Reina reflects on her years at Eastern


Leah Snyderman

Profesora Reina teaches her AP Spanish students important lessons about the language and culture.

   After 25 years at Eastern, Ms. Sara Reina-Nieves will be retiring at the end of the school year. There is no doubt that her sheer passion and love for education will be missed. 

   It was never originally in Profesora Reina’s plans to become a teacher. She grew up in Spain and was invited by a friend to come study in America. The plan was simple: move to America for two years, get a degree in either nursing or hotel management, learn English, and return to Spain. Soon enough, those two years turned into 33 years.

   While in college, Profesora Reina was offered a class to teach called “Conversations in Spanish” to children and adults. The class was taught at night, and she absolutely loved it. Her students would come from work, many doctors and nurses, and their growing interest in the class made her want to return. 

   “I thought, ‘This is it. This is perfect,’” she said. “Coming to America was a ‘why not’ type of thing that changed my direction drastically.” 

   After graduating from Rowan University, Reina landed a job teaching Spanish at Eastern. Her first year was spent splitting her time between Eastern and Berlin Community School. 

   While teaching in the U.S., Reina has always tried to incorporate her roots and personal experiences into her lessons. She emphasizes the importance of culture and appreciating different lifestyles and values. Part of understanding a new language is learning about the traditions and habits of the people who speak the language, so Reina makes sure to implement culture into her daily lessons.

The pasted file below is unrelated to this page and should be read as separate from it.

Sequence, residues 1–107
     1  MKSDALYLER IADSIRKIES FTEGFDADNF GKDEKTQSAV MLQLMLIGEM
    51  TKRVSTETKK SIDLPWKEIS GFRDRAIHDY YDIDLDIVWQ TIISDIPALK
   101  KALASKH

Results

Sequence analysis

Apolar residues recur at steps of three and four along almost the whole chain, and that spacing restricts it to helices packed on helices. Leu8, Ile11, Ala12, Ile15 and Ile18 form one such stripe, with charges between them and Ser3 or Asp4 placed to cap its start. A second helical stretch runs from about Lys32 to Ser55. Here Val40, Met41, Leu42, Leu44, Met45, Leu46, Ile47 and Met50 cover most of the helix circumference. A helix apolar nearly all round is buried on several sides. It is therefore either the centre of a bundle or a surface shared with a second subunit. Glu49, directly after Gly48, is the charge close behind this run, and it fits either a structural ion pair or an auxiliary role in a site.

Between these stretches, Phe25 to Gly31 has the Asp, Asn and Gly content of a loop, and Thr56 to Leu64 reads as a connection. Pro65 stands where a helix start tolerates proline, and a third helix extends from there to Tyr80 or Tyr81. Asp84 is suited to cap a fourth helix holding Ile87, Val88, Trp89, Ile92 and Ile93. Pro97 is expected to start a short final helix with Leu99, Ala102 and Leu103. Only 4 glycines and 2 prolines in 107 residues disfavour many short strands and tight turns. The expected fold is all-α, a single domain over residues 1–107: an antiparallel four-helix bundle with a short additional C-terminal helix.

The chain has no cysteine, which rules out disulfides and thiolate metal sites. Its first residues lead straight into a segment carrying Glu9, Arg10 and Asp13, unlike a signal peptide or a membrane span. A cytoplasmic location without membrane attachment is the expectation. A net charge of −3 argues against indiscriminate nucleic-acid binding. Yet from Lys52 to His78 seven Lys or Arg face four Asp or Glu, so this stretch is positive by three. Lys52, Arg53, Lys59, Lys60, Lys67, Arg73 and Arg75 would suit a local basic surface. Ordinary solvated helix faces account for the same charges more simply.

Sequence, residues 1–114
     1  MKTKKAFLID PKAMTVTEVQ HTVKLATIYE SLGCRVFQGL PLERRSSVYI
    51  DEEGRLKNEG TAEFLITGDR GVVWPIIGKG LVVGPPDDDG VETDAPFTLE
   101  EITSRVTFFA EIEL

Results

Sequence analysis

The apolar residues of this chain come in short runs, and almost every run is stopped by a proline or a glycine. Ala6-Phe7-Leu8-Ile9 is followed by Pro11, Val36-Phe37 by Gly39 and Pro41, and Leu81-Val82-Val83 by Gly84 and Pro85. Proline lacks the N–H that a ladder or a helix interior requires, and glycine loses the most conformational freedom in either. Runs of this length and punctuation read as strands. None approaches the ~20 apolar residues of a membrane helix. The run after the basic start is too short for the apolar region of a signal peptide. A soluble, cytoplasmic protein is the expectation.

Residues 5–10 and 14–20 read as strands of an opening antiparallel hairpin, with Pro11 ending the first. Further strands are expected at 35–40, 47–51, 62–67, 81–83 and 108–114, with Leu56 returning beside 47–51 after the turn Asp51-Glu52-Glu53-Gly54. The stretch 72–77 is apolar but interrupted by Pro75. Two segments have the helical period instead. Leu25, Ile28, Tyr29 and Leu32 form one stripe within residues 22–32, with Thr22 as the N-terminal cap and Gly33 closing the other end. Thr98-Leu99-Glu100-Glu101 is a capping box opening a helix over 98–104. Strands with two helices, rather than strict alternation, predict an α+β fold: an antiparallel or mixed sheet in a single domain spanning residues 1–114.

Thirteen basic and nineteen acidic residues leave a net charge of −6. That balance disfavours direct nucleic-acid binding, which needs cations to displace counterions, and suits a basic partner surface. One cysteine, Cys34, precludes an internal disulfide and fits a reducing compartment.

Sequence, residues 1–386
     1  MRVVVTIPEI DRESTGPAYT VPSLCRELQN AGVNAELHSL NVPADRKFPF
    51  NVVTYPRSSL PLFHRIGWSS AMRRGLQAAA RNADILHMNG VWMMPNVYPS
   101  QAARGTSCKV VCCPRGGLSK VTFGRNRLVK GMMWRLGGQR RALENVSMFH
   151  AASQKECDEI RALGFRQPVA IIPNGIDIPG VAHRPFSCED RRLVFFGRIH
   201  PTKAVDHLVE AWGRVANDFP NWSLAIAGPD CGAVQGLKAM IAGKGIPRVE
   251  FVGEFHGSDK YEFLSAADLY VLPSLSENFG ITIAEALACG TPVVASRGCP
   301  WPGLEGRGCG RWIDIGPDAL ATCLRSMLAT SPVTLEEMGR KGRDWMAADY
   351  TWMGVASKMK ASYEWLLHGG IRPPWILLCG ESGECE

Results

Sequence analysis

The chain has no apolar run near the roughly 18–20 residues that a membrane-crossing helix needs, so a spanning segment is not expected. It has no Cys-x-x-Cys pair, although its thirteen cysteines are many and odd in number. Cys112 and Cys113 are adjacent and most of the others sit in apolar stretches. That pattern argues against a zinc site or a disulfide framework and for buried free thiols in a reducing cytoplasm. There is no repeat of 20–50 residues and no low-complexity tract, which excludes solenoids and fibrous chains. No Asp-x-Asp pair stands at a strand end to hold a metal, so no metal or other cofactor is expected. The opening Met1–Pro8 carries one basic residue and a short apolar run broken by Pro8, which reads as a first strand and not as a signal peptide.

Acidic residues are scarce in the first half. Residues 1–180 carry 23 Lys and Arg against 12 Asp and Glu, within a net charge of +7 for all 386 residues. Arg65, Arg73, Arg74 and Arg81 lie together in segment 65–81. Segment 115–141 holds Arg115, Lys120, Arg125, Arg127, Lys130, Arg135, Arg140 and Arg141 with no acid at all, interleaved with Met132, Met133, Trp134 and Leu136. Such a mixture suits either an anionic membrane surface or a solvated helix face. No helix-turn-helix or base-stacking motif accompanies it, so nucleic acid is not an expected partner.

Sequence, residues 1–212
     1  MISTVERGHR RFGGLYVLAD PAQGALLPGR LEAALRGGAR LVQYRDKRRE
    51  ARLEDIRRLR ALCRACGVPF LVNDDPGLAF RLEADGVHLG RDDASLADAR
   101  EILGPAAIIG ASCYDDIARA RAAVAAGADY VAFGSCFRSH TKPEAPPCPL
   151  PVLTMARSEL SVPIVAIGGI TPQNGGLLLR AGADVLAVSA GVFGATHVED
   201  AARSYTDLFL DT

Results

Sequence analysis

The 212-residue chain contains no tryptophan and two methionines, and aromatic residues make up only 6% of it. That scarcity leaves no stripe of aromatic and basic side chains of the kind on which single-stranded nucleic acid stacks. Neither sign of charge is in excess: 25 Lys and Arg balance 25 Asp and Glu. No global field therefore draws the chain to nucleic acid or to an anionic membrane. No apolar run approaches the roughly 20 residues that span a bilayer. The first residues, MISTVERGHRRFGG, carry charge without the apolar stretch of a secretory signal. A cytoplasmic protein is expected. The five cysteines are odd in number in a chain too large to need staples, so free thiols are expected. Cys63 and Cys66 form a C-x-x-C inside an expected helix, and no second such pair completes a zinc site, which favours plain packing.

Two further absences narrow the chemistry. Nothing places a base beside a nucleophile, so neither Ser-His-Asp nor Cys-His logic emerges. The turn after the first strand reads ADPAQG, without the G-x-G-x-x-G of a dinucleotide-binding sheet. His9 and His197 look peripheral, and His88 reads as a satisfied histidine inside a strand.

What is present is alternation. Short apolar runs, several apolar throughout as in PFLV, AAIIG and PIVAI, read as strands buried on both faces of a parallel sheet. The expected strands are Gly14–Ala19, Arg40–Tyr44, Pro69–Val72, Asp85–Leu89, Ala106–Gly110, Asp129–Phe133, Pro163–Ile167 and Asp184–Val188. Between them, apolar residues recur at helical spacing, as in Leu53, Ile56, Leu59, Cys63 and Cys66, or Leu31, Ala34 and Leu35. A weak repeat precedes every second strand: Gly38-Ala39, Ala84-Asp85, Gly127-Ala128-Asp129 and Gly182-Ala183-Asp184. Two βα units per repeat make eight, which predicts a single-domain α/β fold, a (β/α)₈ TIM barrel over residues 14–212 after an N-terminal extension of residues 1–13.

“I try to use my personal experiences as someone who grew up in a Spanish speaking country,” she said. “We have culture within us 24/7, so culture lessons should never be separate; they should just come into daily conversation.”

   By expanding her class to much more than grammar rules, Reina’s students have been able to develop a true understanding of the Spanish language. Throughout her years at Eastern, Reina has always treasured hearing her students tell her the impact learning the language has had on them. 

   The COVID-19 pandemic only made Reina cherish her time at Eastern even more. While being virtual wasn’t always easy, Reina learned to appreciate in person learning and seeing her students sitting in her classroom.

   “I always appreciate being here and having the job that I enjoy,” she said. “I went home many, many, many times saying to myself, “This is what I want to do.’” 

   Reina’s love for teaching is felt by her students. Her true passion for teaching encourages students to fight to learn the language, no matter how hard the lessons can get. 

   Seven years ago, Reina became an adjunct professor at Rowan University and has taught there ever since, in addition to her courses at Eastern. She plans to continue teaching there after her retirement from Eastern.

   “There would be times I would come home at nine o’clock at night with a smile on my face,” she said. “I love teaching way too much to stop.” 

   While Reina will still be teaching next year, she will miss the student body at Eastern. The students that really want to make an impact and being able to educate students who want to be educated have made her job what it is. She will also miss her colleagues who have supported her at a professional and human level. 

   In addition to teaching at Rowan, Reina plans to focus on her health, family, children, and future grandchildren in her retirement. 

   “I’m leaving with a gigantic smile on my face with good, positive energy that I have received from the support of my students and colleagues,” she said. Eastern thanks you, Profesora Reina!